COVID-19 Vaccine Resources

Note: the goal of this site is to provide examples of resources for North Toronto partners as they plan/respond. It is not intended to replace existing organizational protocols. As more information appears, these resources will be updated.

Sunnybrook Staff: please refer to our intranet page at sunnynet.ca/coronavirus to ensure you are viewing the latest version of these documents and resources

About these Resources

This page was created in an effort to make COVID-19 Vaccine information easily accessible for North Toronto Ontario Health Team partners. As new information appears, this page will be updated to reflect any changes.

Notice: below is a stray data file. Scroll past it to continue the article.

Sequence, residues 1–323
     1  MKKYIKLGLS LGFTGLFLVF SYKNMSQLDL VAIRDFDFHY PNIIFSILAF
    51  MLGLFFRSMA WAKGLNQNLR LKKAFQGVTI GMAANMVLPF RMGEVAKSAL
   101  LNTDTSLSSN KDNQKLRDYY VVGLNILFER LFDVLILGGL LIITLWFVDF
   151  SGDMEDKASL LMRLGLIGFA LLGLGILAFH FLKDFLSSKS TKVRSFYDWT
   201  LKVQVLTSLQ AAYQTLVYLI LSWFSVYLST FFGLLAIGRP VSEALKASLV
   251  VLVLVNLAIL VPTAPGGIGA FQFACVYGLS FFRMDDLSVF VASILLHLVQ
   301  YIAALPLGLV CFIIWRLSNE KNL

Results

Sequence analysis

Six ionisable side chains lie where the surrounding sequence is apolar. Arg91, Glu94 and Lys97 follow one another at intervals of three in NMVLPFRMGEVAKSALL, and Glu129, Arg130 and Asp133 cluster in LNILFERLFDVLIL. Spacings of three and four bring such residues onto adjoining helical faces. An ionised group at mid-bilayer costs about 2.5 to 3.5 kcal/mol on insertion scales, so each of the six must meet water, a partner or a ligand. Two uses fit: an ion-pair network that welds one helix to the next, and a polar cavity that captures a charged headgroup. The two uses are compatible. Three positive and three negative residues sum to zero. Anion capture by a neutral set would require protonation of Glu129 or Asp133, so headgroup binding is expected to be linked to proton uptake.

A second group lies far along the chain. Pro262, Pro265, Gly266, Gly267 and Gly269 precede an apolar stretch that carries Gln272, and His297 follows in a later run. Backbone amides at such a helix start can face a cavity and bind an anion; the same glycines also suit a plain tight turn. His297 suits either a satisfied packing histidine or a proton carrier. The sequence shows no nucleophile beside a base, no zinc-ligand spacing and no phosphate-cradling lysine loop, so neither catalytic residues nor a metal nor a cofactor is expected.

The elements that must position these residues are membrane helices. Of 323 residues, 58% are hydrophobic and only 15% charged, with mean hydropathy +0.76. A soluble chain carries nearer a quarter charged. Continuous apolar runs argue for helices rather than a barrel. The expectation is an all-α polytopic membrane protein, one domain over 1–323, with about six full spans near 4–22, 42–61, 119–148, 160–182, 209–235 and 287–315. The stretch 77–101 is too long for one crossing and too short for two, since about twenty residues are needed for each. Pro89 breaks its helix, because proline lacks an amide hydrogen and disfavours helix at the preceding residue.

COVID-19 Vaccine Education 

The following resources were developed by Sunnybrook and are included for assistance in providing vaccine education in an easy-to-understand format for patients, healthcare staff and external partners.

Infographic: What you should know about the Pfizer-BioNTech COVID-19 Vaccine

Provided below are additional educational resources to understand the COVID-19 Vaccine:

COVID-19 Vaccine Approval Infographic (Health Canada)

COVID-19 Vaccine Fact Sheet (Toronto Public Health)

COVID-19 Vaccines: mRNA Vaccines Factsheet (Public Health Ontario)

Guidance for COVID-19 Vaccine Clinics (Public Health Ontario)

Video Resources

Virtual Town Hall: Long Term Care Homes and COVID-19 Vaccine

On Friday, December 18th, we hosted a virtual town hall featuring Dr. Jerome Leis, Medical Director for Infection Prevention and Control at Sunnybrook Health Sciences Centre.